The U.S. Government has confirmed attempts of cyberattacks from multiple entities, which includes a nation-state-supported hacking group.
One of the Federal agencies had their Microsoft Internet Information Services (IIS) web server hacked by these threat actors.
A coalition of US Federal agencies – CISA, FBI, and MS-ISAC issued a joint advisory stating that the server of an unnamed federal civilian executive branch (FCEB) agency was accessed by the attackers from November 2022 to early January 2023.
This conclusion was drawn based on the indicators of compromise (IOCs) discovered on the agency’s network.
Multiple hacking groups were found to have taken advantage of known vulnerabilities in Telerik, a user interface tool used for developing components and themes for web applications.
This software was being used on the internet-facing web server of a US agency.
The statement mentioned that “CISA and authoring organizations observed multiple cyber threat actors, including an APT actor” along with the infamous Vietnamese hacker group known as the “XE Group”
Ranked among the most frequently exploited vulnerabilities in 2020 and 2021 is the Telerik vulnerability tracked as CVE-2019-18935, which has a severity rating of 9.8 out of 10.0.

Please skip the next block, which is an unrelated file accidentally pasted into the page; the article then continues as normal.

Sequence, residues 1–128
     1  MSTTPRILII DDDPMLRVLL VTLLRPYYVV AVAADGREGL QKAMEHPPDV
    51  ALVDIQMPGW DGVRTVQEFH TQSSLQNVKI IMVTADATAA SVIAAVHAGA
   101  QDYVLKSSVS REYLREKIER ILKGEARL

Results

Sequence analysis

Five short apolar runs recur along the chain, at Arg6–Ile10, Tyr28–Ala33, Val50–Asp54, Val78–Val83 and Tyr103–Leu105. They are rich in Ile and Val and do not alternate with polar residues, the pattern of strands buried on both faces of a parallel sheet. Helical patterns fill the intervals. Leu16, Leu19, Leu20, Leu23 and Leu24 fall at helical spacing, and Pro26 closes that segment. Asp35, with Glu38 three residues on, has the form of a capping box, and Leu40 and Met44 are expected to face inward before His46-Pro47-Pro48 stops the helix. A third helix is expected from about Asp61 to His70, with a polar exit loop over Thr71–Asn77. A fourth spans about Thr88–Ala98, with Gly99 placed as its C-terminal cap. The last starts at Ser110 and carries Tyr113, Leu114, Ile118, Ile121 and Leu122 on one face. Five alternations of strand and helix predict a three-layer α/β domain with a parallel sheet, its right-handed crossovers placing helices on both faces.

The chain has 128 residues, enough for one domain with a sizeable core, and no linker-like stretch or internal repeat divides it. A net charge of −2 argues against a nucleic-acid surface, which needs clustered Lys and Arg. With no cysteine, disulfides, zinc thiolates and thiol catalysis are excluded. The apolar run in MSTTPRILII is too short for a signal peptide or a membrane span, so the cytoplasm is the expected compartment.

CISA stated that “This exploit, which results in interactive access with the web server, enabled the threat actors to successfully execute remote code on the vulnerable web server.”
In November 2021, the CVE-2019-18935 Progress Telerik UI security vulnerability was added by CISA to its Known Exploited Vulnerabilities (KEV) Catalog.
To address this vulnerability, a binding operational directive (BOD 22-01) was issued requiring federal agencies to apply recommended actions and patch their systems by May 3, 2022.
Unfortunately, despite the directive and the severity of the vulnerability, the U.S. federal agency responsible for securing the Microsoft IIS server failed to take appropriate action by the due date.
The breach was confirmed by indicators of compromise (IOCs) linked to the vulnerability.
TechCrunch attempted to reach Progress Software, which acquired Telerik in 2014 but went unanswered.
Indicators of compromise have been released by CISA, along with urging organizations utilizing vulnerable Telerik software to apply security patches promptly.